Group teaching and learning has played an important role in education over the last forty years, as it has become a great way of encouraging students, and enhancing the process of deep learning through collaborative work.
Advantages of Group teaching/learning: Learning in group settings seem to have countless advantages. It is believed that group teaching and learning sessions benefit students by increasing their interest on the subject matter, improving critical thinking and knowledge retention. These sessions also help develop students’ interpersonal skills as they require students to work in a team. Hence giving them an oppurtunity for peer-peer interaction and thereby improving their communication skills. Such group activities encourage students to articulate their thoughts with confidence and foment views, laying the groundwork for self-directed learning, thus eventually (and idealistically) gaining independence from their instructors or teachers.
However, it is essential that teachers bear in mind the ways in which groups may interact regardless of their size or composition. While there are a host of external factors such as the nature of the physical environment and seating arrangements that may influence group dynamics, it is the the size of the group that seems to play a vital role. Group sizes are crucial points of consideration, as they play a key role in placing limitations on the tasks and functions that the groups are expected to perform. Hence, a good understanding of this area will be useful to teachers when they work with a small number of learners or when they plan activities that involves breaking larger groups into smaller teams.
Effective group size: The abovementioned benefits of group teaching and learning can be maximised with an effective group size. It has been found that effective group size develops better investigation of issues as it allows students to test their knowledge and higher order thinking skills such as analysis, evaluation and synthesis. It also fosters the ability to reflect upon learning activities, cultivate self-regulatory skills and accept responsibility for one’s progress; all necessary components of lifelong learning. On top of that, students also learn transferable skills such as leadership, teamwork, organization, prioritization, problem solving and time management; all of which will come in handy througout the learner’s various life experiences. Studies have shown that the most effective group size to reap these benefits would range between 3-6 students.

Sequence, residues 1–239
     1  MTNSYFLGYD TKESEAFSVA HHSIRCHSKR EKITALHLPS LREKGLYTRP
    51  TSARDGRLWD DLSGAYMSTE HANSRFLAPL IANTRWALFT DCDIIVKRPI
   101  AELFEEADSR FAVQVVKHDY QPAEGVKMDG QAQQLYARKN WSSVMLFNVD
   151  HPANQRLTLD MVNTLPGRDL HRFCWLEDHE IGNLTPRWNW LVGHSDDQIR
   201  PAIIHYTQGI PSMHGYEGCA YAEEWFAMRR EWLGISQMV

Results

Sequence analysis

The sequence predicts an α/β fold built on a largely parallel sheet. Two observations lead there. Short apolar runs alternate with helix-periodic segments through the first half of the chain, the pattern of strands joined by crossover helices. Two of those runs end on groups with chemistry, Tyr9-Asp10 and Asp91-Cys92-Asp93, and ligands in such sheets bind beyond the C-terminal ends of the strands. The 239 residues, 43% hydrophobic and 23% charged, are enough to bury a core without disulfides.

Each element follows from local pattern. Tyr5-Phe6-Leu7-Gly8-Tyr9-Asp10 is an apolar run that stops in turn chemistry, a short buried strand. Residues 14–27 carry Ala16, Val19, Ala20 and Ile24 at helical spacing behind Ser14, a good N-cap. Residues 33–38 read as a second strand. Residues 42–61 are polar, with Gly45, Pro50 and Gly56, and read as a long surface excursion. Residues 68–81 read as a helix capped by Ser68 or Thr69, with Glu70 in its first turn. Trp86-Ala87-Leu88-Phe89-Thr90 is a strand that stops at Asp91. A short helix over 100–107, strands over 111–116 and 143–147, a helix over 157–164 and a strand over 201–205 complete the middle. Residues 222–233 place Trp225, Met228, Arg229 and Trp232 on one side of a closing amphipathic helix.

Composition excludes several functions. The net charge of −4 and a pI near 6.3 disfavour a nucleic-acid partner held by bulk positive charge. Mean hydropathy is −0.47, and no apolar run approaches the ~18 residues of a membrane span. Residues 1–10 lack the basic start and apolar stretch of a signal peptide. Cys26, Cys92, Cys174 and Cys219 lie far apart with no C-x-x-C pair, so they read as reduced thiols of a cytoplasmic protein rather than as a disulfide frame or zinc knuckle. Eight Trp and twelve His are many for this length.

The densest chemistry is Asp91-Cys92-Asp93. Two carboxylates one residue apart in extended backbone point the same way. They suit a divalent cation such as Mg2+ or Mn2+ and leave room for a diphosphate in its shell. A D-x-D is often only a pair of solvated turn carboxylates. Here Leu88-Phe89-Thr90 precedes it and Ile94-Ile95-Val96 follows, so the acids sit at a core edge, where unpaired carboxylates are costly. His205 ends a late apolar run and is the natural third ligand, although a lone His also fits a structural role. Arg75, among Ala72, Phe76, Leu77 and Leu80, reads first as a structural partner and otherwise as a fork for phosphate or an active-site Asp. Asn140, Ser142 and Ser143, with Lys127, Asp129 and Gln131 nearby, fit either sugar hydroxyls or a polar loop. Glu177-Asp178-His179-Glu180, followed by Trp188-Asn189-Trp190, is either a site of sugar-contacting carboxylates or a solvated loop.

Small group teaching methods: Small-group teaching may require the educator to have a repertoire of teaching techniques. However, despite the availability of a range of small-group teaching methods, the instructor will have to make the appropriate choice based on the expected learning outcome. Nonetheless, there seems to be a commonly used approach that has proved to be rather effective- problem-based learning. This technique requires the teacher to develop stimulus questions on which the group should work on before discussing and sharing their findings. This adaptable method has gained popularity as it can be applied to various subject matters and age groups.
On the whole, small-group teaching and learning sessions build a productive academic environment and is an effective strategy for dynamic and collaborative learning. These sessions also foster a positive learning attitude in the student making them more receptive to knowledge; they also serve an important role in cultivating the growth of higher order thinking skills, which are vital to deep learning. Such interactions arm students with important soft skills, which they apply outside the classrooms as well. This is reason why Brainworks Education believes in conducting group tuitions with smaller group sizes. Our tuition groups consist of no more than 6 students per class to ensure the effectiveness of each and every session.
Source: Sultan A.M. (2013). Basic steps in establishing effective small group teaching sessions in medical schools. Pakistan Journal of Medical Sciences, 29(4). 1071-1076. Retrieved from http://www.ncbi.nlm.nih.gov/pmc/articles/PMC3817785/
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